A POPULAR hotel and restaurant that has been part of the fabric of Shetland’s South Mainland for over a century is set to close down this autumn as its owner is retiring and has been unable to find someone to take the business on.
The Spiggie Hotel’s owner Keith Massey has confirmed that the hotel will cease to trade on 16 October – two months from now – as part of his retirement plans.
Fifty nine year old Massey, who purchased the hotel in October 2007, said it was necessary to inform staff, customers, suppliers, trading and licensing authorities in advance of his decision.
The Spiggie Hotel will cease offering lunches from the end of this month. Evening meals will continue to be available to non-residents until the end of September but only for advanced bookings.
The bar will remain open to the public until 16 October, but for the last two weeks the restaurant will cater for residents only.
“It has been a privilege to have your support and to be the custodian of the Spiggie Hotel for the last nine years,” Massey said. “Making the decision to retire has been very difficult but nevertheless it is the right decision for me.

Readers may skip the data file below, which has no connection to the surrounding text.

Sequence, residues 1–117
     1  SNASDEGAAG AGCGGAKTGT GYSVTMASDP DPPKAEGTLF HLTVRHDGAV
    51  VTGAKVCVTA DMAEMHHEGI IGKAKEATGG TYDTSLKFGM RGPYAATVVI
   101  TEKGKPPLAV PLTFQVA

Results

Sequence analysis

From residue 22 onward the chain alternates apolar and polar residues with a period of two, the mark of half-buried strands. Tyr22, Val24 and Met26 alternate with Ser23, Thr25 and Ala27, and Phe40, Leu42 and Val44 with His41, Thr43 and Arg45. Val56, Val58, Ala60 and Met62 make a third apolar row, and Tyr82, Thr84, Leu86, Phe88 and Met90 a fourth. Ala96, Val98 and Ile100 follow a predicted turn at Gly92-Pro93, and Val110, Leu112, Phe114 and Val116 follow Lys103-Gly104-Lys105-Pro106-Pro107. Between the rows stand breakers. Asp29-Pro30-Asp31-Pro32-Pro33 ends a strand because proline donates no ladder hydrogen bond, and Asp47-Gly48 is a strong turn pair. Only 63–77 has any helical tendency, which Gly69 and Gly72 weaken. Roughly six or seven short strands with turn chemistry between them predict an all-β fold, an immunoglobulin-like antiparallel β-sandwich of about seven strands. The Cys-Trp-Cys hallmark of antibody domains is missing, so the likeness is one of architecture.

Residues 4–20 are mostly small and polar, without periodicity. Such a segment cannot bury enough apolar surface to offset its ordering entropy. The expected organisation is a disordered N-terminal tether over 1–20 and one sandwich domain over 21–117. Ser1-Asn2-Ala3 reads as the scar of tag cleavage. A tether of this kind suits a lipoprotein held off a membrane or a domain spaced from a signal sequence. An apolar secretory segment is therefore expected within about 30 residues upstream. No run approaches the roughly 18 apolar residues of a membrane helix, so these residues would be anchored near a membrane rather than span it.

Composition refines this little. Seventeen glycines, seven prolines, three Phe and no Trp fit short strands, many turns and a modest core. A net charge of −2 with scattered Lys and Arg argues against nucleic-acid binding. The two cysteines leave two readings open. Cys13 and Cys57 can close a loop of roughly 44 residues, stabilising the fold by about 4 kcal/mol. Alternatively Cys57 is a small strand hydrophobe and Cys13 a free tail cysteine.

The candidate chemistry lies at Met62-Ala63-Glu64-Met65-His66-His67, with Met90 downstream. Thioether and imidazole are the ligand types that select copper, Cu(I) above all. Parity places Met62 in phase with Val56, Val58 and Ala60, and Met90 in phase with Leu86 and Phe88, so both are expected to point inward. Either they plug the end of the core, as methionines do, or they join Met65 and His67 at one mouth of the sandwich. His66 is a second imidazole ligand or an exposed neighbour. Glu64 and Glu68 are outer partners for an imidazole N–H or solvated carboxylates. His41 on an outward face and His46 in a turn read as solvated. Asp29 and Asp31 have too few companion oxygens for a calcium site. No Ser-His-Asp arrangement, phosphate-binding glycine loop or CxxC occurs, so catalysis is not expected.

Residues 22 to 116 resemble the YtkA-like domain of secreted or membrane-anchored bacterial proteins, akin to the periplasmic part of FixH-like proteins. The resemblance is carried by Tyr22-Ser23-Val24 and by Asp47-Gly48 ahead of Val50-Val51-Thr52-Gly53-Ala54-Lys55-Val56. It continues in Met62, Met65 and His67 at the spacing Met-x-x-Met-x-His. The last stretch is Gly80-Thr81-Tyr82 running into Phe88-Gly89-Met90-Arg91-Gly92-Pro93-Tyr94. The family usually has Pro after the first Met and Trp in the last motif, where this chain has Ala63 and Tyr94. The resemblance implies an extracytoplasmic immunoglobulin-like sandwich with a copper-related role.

“I have enjoyed every minute and only wished I had started down the road 20 years earlier. As much as I had hoped to be able to continue trading by passing on the baton, it has not been possible to do so.”
He said there had been some interest in the hotel since it went on the market around a year ago.
“There’s been rumours that people might be interested in taking it on,” Massey told Shetland News. “But I had the hotel, lodges and land, and it’s maybe too expensive if there was anybody local wanting to take it on.
“I’m splitting the properties up and maybe there’ll be someone that’ll come forward and buy the hotel and bar bit.”
Although he’s not reached retirement age yet, Massey said he was “wanting to do a few other things before I get too old”, but said Spiggie Hotel would still be a profitable family business for someone committed to the lifestyle it entails.
“It’s a nice little business,” he said. “It’s a lifestyle choice for somebody and it’s not everybody’s choice. That’s why I feel the need to give it up now – it takes its toll. It’s a great family business – it’s not about profitability, it’s just finding the right person to take it on.”
Massey added that he always felt like he was the custodian of a “part of the South Mainland’s history” and that “weighs heavily on your mind”.
“It’s a business that’s been trading for over 100 years now,” he said. “That’s why I was dearly hoping that someone would take it on. It’s a really difficult decision but I can’t hang on forever.”